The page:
HB 6 referendum fight highlights the troubling ways Ohio voters can be silenced

Cleveland Opinions 0 month ago

Whether Ohio voters will or won’t get a chance to veto House Bill 6, the nuclear bailout bill, is a question entangled in a legal thicket. But complexity and pettifogging can’t mask the stakes: Do procedural laws, and the ability of those with deep pockets to monetize success in a petition drive, wrongly impair Ohioans’ constitutional right to vote up or down laws the General Assembly has passed?

Nearly a century ago, in 1915, the Ohio Supreme Court seemingly answered that question. The court said the 1912 constitutional amendment giving Ohioans the referendum was crafted “to put it beyond the power of an unfriendly General Assembly to cripple or to destroy [it].” That’s not the only precedent on the issue, but, coming when it did, so soon after Ohio adopted the referendum, it deserves weight.

HB 6, passed in July, requires Ohio electricity consumers to subsidize the Davis-Besse and Perry nuclear power plants on Lake Erie, plus two coal-fueled Ohio Valley Electric Corp. plants, one in Indiana, and it phases out the state’s renewable-energy mandate.

A group of HB 6 foes, Ohioans Against Corporate Bailouts, wants Ohio voters to vote on the bill – a referendum. To trigger a referendum requires collecting, over 90 days, the signatures of at least 265,744 Ohio voters who live in at least 44 of the 88 counties.

On Oct. 7, though, having collected 221,092 signatures – a 44,652-signature shortfall – Ohioans Against Corporate Bailouts asked U.S. District Judge Edmund A. Sargus Jr. to order state officials to give the anti-HB 6 petition drive more time. The group said Ohio law (but not the Ohio Constitution), sets hurdles that must be cleared before signatures may be gathered. Example: A requirement that Ohio’s attorney general certify the truth and fairness of the petitions’ summary of a challenged law before signatures can be gathered.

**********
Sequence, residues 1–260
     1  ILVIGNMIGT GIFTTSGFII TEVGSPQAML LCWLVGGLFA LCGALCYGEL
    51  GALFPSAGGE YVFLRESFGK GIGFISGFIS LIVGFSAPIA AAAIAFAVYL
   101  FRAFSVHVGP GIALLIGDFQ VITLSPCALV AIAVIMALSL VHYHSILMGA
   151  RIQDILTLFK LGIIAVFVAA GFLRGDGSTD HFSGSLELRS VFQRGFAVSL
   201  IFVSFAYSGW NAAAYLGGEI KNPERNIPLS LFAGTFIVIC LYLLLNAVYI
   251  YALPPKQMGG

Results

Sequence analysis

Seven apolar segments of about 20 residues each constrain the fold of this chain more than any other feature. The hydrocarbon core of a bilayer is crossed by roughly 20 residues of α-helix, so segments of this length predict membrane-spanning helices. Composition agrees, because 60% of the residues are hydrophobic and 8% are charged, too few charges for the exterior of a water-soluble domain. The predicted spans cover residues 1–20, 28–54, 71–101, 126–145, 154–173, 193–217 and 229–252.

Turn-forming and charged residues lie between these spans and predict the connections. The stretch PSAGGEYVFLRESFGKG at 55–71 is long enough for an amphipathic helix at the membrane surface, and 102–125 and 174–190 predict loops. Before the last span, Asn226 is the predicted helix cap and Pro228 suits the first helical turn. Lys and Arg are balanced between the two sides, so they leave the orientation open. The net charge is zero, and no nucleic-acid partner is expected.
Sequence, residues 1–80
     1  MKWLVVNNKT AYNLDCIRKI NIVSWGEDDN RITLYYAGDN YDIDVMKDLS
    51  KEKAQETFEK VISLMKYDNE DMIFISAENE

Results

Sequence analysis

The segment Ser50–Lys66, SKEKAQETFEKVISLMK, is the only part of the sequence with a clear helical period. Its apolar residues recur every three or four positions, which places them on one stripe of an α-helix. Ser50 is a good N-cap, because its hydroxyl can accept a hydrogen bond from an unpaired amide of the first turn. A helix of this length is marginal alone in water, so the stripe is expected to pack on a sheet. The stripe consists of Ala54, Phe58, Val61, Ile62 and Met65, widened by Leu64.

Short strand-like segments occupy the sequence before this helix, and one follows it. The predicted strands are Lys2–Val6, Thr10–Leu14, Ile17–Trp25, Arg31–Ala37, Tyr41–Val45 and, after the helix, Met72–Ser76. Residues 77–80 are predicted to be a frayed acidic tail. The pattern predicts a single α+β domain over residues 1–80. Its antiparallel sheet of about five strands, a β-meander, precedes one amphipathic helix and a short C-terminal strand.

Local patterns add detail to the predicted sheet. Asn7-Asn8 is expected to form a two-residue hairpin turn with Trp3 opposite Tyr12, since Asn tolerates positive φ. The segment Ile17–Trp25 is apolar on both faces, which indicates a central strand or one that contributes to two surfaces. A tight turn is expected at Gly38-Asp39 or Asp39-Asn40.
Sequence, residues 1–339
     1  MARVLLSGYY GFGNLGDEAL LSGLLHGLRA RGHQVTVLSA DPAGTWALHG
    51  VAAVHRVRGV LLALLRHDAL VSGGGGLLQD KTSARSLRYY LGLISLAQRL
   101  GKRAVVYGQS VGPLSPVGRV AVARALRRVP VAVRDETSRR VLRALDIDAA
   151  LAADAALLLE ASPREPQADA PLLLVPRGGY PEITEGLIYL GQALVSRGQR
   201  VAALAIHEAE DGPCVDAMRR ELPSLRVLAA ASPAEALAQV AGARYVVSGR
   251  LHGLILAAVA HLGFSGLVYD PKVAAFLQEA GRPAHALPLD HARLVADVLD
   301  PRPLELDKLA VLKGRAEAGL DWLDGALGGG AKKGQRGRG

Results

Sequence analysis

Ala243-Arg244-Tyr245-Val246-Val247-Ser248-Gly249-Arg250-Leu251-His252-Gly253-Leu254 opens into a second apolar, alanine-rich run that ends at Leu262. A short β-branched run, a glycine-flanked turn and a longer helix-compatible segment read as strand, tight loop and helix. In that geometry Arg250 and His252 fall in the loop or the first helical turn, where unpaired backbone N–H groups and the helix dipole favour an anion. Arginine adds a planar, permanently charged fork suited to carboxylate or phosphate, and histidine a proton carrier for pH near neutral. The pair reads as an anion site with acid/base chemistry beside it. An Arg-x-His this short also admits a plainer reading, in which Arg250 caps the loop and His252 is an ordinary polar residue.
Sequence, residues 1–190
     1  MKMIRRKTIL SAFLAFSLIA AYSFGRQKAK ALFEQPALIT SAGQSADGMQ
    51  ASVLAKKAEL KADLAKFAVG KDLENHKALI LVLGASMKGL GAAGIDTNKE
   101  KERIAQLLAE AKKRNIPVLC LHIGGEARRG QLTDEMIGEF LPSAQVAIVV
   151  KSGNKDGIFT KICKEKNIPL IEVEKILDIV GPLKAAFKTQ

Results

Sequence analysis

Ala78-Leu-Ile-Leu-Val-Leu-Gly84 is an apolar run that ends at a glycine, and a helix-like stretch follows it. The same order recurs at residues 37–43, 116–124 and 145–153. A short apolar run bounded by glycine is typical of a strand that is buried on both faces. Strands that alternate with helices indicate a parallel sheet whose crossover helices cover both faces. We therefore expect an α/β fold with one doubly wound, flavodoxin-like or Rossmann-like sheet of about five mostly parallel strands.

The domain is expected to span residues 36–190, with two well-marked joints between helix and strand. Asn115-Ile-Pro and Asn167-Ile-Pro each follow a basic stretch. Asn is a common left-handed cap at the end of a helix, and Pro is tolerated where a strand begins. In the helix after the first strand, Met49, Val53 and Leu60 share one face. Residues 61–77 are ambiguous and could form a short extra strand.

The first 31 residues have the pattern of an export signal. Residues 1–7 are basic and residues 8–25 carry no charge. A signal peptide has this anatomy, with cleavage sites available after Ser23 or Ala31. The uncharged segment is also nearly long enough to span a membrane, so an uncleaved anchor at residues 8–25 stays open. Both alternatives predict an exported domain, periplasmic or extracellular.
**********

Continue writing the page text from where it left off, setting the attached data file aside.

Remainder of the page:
Attorney General David Yost rejected the first anti-HB-6 petition summary but approved a rewrite. That process took 38 days of the 90, leaving only 52 to gather signatures.

Besides procedural issues, the anti-referendum conduct by pro-HB 6 forces, even by Ohio’s low standards, has been startling.

To suggest, as an assistant Ohio attorney general did in defending Ohio’s procedures, that the anti-HB 6 drive faltered because it was “fraught with bad business decisions” -- such as not paying petitioners as much to collect signatures as HB 6 proponents were offering them to quit -- verged on blindness.

The real issue is whether state procedural laws limit the exercise of an Ohio constitutional right.

Sargus ruled that these issues must be decided by Ohio’s Republican-majority Supreme Court, not by the federal courts.

The Ohio Supreme Court now has a chance -- and a duty -- to take a close look. Hanging in the balance is the degree to which Ohio will let voters check-and-balance what’s done at the Statehouse via a power enshrined in their state constitution.

The Supreme Court needs to answer that – not duck it. Government by plebiscite raises justifiable concerns. (Exhibit 1: California.) But so does government by insiders in Columbus.

About our editorials: Editorials express the view of the editorial board of cleveland.com and The Plain Dealer -- the senior leadership and editorial-writing staff. As is traditional, editorials are unsigned and intended to be seen as the voice of the news organization.

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